Five students in Guam sought an injunction that would require Guam to implement IEPs despite a state-mandated shutdown due to COVID. The court declined to do so. The court noted that it was unlikely that this type of shutdown would constitute a “change of placement” that would trigger stay-put obligations. The court relied on N.D. v. State of Hawaii, 54 IDELR 111 (9th Cir. 2010) which held that “Congress did not intend for the IDEA to apply to system wide administrative decisions.”
That’s more clear-cut than the ruling we told you about yesterday where a New York court ordered the school to honor “stay put” decrees “to the extent that they can be safely performed in light of the current COVID-19 pandemic, in compliance with guidance from health authorities.” We can expect different courts to come to different conclusions about a slew of legal issues raised by the pandemic’s effect on education. So stay tuned.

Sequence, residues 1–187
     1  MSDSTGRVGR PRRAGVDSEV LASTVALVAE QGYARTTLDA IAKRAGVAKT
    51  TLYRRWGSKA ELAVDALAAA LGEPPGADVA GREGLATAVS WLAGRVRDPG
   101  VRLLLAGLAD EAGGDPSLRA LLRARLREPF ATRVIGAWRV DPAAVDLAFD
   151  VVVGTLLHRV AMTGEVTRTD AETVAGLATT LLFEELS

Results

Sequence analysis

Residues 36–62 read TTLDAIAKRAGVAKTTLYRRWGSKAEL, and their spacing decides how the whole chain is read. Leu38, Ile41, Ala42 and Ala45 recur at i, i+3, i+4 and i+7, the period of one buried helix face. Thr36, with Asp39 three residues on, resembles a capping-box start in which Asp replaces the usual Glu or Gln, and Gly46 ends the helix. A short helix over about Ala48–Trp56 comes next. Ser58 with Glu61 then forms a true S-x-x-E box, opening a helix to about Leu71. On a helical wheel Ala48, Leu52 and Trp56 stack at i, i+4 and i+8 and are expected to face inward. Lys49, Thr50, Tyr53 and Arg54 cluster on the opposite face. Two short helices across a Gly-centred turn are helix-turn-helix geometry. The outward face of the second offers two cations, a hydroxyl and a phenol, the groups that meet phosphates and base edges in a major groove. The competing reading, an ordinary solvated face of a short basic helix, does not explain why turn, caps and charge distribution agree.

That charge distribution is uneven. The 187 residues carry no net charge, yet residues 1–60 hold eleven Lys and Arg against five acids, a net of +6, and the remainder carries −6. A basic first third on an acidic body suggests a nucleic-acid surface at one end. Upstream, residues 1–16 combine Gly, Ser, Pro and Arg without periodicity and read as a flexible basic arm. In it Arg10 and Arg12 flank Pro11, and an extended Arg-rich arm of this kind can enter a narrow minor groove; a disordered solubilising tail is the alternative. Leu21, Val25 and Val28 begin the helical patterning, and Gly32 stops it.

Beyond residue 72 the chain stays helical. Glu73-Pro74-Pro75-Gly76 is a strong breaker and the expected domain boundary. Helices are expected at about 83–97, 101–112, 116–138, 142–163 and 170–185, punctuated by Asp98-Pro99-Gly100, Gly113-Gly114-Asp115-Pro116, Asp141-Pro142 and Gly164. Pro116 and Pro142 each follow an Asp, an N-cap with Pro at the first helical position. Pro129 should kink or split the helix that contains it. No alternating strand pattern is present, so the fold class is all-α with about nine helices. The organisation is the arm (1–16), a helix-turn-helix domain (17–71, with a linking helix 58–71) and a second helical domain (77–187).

This one is J.C. v. Fernandez, decided by the federal district court for the U.S. territory of Guam on July 15, 2020. We found it at 77 IDELR 15.
DAWG BONE: A STATEWIDE SHUTDOWN DOES NOT TRIGGER “STAY PUT”….AT LEAST IN GUAM.
Tomorrow: do you accept transfer students?